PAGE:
The Harris County Sheriff's Office began using Tasers in June of 2004 and since then deputies have deployed the devices 438 times. Almost 700 deputies and other personnel carry Tasers as additional non-lethal ways to subdue uncooperative subjects. Sheriff's Lieutenant John Martin says despite the criticism of Tasers, they've become useful tools.
"We see this as a way to avoid having to engage in these prolonged physical confrontations with somebody because that is very likely to result in injuries to both the officer and the suspect."
In the Sheriff's office official use of force policy, the use of Tasers is relatively high on the list, right after physical presence, verbal commands and what are known as empty hand control techniques. Martin says Tasers were never meant to be used in lieu of lethal force.
"If we're confronted with lethal force, we will respond with lethal force and the Taser is not meant to be a substitute for that."
Lawmakers in Austin are considering several bills that would restrict or completely do away with Tasers in Texas. Martin says that's not the answer.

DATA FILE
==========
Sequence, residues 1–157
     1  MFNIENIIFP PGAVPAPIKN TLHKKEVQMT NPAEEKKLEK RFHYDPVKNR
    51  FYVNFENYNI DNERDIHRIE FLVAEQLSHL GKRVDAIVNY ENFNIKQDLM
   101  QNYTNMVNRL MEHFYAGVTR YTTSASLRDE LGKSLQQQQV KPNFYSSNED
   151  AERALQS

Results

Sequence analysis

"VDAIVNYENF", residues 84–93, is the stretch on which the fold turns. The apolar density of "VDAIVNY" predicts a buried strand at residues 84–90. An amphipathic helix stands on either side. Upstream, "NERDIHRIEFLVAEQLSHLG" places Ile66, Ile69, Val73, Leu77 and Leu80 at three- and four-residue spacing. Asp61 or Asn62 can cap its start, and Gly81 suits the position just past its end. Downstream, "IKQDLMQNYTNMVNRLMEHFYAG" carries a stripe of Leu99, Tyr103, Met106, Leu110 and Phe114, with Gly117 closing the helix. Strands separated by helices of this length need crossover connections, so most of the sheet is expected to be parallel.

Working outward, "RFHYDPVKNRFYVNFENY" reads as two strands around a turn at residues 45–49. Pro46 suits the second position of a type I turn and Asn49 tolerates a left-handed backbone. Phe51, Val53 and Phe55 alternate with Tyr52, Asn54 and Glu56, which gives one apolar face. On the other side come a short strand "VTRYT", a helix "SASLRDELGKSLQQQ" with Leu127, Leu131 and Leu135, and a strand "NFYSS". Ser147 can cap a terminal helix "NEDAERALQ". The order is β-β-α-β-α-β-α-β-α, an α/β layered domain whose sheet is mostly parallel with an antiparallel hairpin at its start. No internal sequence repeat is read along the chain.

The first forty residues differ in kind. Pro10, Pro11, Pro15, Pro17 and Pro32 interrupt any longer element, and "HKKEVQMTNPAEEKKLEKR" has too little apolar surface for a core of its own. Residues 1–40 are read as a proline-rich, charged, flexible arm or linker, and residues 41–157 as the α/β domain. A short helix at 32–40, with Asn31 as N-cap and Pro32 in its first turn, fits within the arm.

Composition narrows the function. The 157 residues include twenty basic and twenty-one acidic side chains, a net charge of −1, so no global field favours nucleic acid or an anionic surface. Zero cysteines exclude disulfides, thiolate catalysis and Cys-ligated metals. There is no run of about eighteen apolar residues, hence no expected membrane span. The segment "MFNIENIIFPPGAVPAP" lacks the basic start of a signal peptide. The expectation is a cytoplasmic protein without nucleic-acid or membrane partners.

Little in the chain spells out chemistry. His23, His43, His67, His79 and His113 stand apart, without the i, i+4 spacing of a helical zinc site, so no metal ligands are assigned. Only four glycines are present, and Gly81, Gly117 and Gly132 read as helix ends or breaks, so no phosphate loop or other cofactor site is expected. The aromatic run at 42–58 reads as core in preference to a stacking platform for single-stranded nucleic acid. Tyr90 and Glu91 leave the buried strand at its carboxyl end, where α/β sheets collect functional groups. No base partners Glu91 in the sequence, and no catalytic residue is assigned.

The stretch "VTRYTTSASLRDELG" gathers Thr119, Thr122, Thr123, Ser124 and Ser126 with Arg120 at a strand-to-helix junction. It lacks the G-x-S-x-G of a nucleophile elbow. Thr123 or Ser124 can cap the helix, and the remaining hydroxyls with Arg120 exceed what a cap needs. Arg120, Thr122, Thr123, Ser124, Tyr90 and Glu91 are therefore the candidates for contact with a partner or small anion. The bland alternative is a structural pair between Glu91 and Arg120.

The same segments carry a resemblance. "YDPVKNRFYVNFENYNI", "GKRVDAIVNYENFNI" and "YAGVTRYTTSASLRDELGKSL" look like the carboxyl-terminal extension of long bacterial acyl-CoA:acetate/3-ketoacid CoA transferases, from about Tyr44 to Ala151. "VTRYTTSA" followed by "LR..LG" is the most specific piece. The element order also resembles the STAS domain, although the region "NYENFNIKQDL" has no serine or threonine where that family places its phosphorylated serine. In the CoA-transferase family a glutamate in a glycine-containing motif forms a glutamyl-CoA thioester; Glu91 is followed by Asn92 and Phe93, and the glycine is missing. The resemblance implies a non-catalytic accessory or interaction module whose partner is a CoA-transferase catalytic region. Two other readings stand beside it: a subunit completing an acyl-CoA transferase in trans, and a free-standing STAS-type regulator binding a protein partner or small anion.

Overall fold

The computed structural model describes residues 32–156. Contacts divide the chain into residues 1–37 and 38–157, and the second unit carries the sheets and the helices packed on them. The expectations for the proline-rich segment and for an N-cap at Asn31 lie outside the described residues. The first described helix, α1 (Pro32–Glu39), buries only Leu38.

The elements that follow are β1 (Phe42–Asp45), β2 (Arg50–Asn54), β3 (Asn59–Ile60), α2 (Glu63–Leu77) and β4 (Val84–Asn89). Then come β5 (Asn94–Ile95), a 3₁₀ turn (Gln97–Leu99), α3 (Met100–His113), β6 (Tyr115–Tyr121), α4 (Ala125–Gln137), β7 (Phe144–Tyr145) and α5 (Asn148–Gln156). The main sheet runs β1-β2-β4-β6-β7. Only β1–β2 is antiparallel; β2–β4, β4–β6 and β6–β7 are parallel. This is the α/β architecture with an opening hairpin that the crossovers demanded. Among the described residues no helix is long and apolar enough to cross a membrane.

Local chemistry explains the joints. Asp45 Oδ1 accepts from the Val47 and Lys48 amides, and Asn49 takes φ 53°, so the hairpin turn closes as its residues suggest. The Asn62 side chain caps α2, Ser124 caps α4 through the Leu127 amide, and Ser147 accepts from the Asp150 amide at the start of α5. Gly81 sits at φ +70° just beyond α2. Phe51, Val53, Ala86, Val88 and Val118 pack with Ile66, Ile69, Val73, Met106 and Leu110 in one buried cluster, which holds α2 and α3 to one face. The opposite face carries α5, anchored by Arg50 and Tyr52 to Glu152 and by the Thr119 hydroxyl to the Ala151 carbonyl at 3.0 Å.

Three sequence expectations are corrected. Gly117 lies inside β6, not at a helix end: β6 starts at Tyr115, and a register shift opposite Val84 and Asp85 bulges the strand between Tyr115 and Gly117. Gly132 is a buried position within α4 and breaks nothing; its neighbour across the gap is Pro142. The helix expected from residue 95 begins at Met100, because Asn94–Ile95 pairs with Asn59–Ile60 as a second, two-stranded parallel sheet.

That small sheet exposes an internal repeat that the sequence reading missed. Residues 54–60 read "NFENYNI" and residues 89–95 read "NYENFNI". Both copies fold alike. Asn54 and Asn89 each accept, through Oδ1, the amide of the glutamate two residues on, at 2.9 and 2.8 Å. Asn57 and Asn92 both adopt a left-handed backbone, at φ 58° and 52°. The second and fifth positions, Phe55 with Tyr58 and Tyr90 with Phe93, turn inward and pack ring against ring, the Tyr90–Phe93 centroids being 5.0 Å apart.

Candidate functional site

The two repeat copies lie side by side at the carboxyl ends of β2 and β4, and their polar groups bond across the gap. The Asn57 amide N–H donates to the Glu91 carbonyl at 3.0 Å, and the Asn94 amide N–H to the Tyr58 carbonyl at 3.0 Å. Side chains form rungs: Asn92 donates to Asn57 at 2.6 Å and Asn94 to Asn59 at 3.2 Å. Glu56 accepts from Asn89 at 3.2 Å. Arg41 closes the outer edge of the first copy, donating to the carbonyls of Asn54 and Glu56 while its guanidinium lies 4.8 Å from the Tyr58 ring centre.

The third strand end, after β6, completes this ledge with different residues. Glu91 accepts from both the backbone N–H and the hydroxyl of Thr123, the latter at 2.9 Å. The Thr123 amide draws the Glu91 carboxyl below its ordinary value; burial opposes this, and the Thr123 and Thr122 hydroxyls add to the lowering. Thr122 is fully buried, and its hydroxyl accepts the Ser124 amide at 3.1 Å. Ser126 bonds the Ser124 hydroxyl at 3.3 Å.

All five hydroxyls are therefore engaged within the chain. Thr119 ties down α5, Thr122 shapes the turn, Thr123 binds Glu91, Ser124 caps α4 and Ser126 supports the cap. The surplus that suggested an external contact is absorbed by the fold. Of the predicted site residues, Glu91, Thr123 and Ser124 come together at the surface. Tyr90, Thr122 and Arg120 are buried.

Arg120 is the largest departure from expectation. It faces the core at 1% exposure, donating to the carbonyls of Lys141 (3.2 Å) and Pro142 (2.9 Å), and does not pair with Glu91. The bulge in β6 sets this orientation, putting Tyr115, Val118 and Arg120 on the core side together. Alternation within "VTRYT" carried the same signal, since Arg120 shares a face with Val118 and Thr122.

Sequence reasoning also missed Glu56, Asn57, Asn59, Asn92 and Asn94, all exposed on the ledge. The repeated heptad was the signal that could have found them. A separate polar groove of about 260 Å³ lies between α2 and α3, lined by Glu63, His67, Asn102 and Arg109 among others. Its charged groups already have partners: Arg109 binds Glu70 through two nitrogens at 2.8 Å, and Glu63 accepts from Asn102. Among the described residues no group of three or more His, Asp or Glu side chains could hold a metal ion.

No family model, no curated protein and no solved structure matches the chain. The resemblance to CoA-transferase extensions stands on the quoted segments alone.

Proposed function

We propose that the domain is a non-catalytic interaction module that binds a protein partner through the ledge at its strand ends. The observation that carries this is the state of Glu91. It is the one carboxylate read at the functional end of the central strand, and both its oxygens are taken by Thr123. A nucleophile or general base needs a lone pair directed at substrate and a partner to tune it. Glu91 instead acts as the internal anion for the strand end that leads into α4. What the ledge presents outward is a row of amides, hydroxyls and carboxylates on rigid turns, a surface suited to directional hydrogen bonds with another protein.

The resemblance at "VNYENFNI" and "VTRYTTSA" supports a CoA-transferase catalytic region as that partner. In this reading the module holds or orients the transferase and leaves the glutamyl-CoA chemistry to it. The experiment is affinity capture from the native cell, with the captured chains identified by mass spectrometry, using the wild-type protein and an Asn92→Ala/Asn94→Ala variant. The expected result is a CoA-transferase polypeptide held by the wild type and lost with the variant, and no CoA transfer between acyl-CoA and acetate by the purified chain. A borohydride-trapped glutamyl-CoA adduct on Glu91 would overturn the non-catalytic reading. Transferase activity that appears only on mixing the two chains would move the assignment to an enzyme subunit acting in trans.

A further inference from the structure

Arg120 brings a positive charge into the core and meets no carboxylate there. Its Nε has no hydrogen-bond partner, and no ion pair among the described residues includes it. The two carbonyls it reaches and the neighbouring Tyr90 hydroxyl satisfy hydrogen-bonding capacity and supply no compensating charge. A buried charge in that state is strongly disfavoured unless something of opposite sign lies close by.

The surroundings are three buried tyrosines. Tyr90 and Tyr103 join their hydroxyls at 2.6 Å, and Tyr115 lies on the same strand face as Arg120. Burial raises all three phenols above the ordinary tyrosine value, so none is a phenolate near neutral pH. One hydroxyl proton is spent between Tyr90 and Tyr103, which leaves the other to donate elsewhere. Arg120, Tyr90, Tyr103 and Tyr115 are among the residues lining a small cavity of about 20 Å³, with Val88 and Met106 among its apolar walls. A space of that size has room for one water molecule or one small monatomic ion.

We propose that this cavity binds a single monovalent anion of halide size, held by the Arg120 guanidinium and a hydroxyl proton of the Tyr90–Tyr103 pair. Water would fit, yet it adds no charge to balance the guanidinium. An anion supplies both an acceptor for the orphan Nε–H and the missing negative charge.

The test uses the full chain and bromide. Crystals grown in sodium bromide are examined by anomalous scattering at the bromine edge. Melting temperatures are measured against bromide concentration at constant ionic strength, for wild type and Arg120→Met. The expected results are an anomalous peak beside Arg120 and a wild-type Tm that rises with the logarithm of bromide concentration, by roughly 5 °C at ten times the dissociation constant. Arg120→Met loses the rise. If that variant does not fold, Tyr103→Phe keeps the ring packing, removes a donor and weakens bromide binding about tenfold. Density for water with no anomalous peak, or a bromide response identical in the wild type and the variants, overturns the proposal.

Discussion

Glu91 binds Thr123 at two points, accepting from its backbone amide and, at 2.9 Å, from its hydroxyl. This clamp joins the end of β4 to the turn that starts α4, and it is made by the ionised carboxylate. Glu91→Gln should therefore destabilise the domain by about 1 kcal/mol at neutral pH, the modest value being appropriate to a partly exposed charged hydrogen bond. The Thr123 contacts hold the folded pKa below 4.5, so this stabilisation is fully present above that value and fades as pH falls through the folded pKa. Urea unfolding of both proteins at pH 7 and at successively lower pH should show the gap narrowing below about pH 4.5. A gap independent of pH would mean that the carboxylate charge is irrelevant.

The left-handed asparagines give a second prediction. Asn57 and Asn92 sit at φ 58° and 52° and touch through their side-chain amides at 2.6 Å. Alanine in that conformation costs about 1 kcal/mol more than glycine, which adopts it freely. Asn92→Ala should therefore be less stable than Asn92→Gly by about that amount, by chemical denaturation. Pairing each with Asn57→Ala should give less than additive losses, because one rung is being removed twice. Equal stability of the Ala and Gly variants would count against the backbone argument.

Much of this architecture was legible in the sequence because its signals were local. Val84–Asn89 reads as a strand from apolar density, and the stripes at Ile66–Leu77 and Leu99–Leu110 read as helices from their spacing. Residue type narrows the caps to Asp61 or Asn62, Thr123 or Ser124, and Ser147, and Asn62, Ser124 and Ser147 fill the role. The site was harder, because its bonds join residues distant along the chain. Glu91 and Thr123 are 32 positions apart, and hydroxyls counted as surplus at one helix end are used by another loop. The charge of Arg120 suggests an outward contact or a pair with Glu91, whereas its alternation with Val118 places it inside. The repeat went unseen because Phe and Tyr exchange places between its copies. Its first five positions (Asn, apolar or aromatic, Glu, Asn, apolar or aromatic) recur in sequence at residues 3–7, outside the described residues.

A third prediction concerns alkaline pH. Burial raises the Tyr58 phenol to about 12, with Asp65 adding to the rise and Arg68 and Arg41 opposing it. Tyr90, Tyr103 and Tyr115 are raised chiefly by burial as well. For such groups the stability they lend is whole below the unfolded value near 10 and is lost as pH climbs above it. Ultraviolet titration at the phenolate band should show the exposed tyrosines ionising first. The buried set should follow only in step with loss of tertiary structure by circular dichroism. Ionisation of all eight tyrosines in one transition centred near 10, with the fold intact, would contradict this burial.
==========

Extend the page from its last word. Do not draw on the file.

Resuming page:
"We would go back to these situations where we have to try to physically restrain people or situations where we're going to use some intermediate weapon like an impact weapon. That is going to result in injuries to the subject, whether it's bruises or broken bones."
With the exception of very basic guidelines under the state penal code, there are no uniform standards for the use of Tasers in Texas. The Houston Police Department's Taser policy puts the devices in the intermediate force category, along with pepper spray, batons and bean bag rounds. Executive Assistant Chief Charles McClelland says having use of force alternatives makes sense.
"In layman's terms, it's no different than a carpenter. If a carpenter only had a hammer in his toolbox, then every problem is a nail."
Since December of 2004, HPD officers have deployed Tasers more than a thousand times. With 3,500 Tasers currently carried by HPD officers, McClelland says taking them away wouldn't be fair.
"Just to say abandon the technology and call for a moratorium without any clinical studies or research saying that this is detrimental to someone's physical health I think is a rush to judgment."
State Senator Rodney Ellis has heard the Taser debate and says it may come down to something very simple.
"We want to do as much as we can to make sure that we save lives and obviously if someone has a choice of being Tasered or shot to death, you hope to be Tasered and hope you don't die."
Both the Sheriff's Office and HPD say requiring across-the-board standards would disregard the unique challenges of each individual agency and their need to tailor their own policies.